Bob note = If you do not have a pendulum your replacing and its lost, we need to also figure out what bob diameter will swing around inside the case without hitting the sides. Usually people want the largest bob diameter they can get without it hitting the sides of the case. So how we figure this out is to measure how wide the inside of the clock is where the pendulum will swing. You now have some measurement like 14.5 inches or something, we deduct 4 inches from this number = 6 1/2 inches is the widest bob diameter you would want to get. You can get whatever is smaller, but dont go larger. For example you do not want a 8 1/2 inch bob because it will hit the sides, but you can use a 5 1/2 inch or 6 1/2 inch bob just fine.
Here are the steps to order the pendulum =
- 1. Know your movement is made by Keininger by seeing above movement number examples.
- 2. Get the CM numbers off of the back plate of the movement itself.
- 3. Determine the bob diameter needed by measuring how wide the inside of the case is and then subtracting 4 inches.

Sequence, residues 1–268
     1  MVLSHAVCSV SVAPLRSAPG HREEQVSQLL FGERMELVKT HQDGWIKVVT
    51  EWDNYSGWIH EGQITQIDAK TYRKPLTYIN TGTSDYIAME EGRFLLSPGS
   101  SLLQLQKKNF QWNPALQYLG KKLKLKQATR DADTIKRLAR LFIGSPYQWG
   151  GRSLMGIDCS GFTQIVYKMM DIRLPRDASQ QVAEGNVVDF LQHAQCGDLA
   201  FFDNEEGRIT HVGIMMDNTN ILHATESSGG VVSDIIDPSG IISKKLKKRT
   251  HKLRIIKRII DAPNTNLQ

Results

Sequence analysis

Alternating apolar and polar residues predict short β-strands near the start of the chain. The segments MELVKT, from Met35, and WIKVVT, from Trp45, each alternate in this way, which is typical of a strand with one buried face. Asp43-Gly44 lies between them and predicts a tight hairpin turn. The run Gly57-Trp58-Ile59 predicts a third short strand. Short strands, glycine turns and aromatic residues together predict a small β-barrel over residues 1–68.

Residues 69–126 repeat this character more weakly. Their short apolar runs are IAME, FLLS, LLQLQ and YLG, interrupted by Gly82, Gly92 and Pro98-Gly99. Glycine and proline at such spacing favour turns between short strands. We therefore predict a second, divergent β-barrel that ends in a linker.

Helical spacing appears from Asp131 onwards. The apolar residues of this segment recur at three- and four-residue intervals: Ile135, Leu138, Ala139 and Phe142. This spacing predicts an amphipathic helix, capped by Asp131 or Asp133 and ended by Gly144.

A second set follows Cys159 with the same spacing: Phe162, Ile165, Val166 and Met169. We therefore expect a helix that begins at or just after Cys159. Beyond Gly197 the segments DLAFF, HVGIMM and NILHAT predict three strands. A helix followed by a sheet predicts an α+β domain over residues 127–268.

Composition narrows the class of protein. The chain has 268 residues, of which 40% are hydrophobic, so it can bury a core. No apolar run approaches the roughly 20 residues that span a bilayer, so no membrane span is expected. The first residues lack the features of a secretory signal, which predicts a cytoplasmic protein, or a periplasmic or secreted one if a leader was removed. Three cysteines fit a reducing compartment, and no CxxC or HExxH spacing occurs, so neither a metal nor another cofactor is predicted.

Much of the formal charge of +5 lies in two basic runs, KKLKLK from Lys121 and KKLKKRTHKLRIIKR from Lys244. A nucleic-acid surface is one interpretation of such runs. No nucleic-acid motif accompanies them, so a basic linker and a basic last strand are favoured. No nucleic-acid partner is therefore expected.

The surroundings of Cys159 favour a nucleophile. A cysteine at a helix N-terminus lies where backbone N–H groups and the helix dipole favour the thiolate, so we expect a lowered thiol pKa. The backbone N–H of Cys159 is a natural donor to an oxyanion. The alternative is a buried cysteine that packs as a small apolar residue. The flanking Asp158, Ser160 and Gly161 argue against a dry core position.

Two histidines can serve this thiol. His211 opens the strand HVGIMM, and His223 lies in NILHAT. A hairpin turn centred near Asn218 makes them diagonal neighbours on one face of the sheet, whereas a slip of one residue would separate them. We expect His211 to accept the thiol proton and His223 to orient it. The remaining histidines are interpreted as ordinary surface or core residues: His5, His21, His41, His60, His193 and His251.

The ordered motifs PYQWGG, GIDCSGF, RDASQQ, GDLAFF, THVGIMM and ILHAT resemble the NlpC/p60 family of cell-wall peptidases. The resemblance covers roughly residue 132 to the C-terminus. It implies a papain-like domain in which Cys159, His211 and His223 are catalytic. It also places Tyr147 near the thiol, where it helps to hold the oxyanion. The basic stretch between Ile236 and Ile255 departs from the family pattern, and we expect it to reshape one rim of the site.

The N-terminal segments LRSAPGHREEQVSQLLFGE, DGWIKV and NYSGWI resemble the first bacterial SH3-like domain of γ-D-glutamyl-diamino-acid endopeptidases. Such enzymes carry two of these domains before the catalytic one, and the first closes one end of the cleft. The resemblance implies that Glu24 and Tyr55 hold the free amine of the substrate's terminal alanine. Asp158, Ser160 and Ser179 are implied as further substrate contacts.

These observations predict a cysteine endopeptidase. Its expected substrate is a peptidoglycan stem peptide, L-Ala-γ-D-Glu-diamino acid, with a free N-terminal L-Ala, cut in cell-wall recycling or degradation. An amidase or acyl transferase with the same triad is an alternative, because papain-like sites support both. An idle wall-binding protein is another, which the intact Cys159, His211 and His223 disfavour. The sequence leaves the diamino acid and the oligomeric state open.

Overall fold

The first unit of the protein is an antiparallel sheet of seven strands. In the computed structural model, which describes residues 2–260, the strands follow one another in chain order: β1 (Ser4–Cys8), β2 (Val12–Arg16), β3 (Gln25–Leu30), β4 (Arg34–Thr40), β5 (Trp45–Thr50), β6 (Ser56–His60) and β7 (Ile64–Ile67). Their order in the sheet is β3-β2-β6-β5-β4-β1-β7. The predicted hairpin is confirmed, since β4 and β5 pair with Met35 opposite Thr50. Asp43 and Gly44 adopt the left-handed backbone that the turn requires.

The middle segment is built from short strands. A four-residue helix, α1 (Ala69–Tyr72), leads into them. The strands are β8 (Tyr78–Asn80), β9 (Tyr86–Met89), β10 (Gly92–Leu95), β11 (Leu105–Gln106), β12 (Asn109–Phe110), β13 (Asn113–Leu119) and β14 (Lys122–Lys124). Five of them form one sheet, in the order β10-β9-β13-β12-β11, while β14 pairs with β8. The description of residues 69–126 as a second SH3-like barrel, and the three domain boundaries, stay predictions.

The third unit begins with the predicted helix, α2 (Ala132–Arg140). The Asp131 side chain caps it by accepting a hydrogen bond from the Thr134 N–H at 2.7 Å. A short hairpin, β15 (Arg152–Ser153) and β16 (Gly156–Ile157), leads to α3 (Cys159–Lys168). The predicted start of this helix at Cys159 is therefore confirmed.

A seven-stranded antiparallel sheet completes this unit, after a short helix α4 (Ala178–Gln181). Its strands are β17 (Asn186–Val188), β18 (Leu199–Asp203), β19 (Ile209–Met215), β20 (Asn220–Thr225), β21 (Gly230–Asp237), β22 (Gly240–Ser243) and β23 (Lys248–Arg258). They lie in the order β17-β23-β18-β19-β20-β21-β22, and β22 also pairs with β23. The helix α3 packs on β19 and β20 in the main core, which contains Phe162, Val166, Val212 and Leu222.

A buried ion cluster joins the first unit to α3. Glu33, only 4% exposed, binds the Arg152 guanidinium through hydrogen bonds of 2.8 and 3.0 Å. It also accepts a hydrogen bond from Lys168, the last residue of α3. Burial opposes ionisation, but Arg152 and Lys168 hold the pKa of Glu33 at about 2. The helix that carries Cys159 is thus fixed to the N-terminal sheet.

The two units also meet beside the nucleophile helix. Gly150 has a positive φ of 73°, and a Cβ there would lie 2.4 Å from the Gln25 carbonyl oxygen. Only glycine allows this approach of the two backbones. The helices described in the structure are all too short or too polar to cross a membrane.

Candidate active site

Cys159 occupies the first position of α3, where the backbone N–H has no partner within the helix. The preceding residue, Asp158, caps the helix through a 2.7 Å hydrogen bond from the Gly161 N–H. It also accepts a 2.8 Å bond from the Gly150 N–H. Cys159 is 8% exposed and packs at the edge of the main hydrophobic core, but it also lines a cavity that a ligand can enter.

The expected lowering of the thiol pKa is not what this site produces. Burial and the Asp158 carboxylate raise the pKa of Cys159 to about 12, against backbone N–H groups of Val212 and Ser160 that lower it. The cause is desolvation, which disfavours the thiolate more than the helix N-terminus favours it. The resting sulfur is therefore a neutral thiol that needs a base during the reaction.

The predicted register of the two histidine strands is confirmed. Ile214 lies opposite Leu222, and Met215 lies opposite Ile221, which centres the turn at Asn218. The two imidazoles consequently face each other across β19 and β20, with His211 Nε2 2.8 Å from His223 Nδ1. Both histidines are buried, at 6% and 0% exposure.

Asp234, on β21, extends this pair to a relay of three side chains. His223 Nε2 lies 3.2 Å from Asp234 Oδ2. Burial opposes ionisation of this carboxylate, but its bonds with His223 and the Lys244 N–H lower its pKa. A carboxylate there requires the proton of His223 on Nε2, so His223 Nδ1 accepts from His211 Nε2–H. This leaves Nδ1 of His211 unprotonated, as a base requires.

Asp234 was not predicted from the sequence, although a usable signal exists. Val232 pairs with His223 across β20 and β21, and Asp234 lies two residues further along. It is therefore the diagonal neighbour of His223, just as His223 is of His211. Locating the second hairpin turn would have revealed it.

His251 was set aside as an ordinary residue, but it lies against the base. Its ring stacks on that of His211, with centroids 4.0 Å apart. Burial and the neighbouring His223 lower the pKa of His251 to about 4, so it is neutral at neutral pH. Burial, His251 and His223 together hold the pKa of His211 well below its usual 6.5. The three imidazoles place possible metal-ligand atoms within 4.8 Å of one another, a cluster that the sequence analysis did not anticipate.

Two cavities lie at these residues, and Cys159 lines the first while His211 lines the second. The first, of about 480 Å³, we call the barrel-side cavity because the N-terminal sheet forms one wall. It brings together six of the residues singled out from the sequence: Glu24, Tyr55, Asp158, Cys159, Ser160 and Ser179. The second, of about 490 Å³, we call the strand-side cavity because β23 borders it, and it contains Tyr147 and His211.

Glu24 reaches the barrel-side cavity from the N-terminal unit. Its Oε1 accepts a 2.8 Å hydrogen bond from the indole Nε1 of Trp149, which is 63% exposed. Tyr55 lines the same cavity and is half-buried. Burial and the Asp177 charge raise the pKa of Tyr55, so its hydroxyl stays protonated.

- 4. Decide if you want a Metal fancy Lyre style pendulum, or a Wood stick pendulum, or a brass rod pendulum if the option is there. They all come with a brass round bob at the bottom in the diameter you choose, but what it hangs on can be any of those mentioned (lyre, stick, brass rod.)
- 5. Order it
When you get your pendulum you will need to put your clock in beat for it to run. This is very easy.
Please note, the picture is of a Kieninger Lyre pendulum for a 116cm movement with twisted rods. If the pendulum is for a 93cm or shorter movement CM it will have straight rods instead.
Beat Setting Mechanical Clock Movements
Beat Setting Mechanical Clock Movements means the tick and the tock sound of the clock is evenly spaced. Every pendulum clock that is mechanical needs to be put in beat to run. This is so simple but it's amazing how many clocks in the world have not run for 10 years or more just because this is not known. Often clocks in tag sales, auctions, homes, etc. only needed to be put in beat to run but was left unused for years. The setting of the beat is easy and takes less than a couple minutes to do.
Every mechanical pendulum unit needs it
Every mechanical clock that has a pendulum needs to be in beat to function. Part of owning a clock is to know how to do this. If you do not know how to do this whenever you move the clock from here to there it will stop after 5 - 10 minutes. Putting the clock in beat is very easy.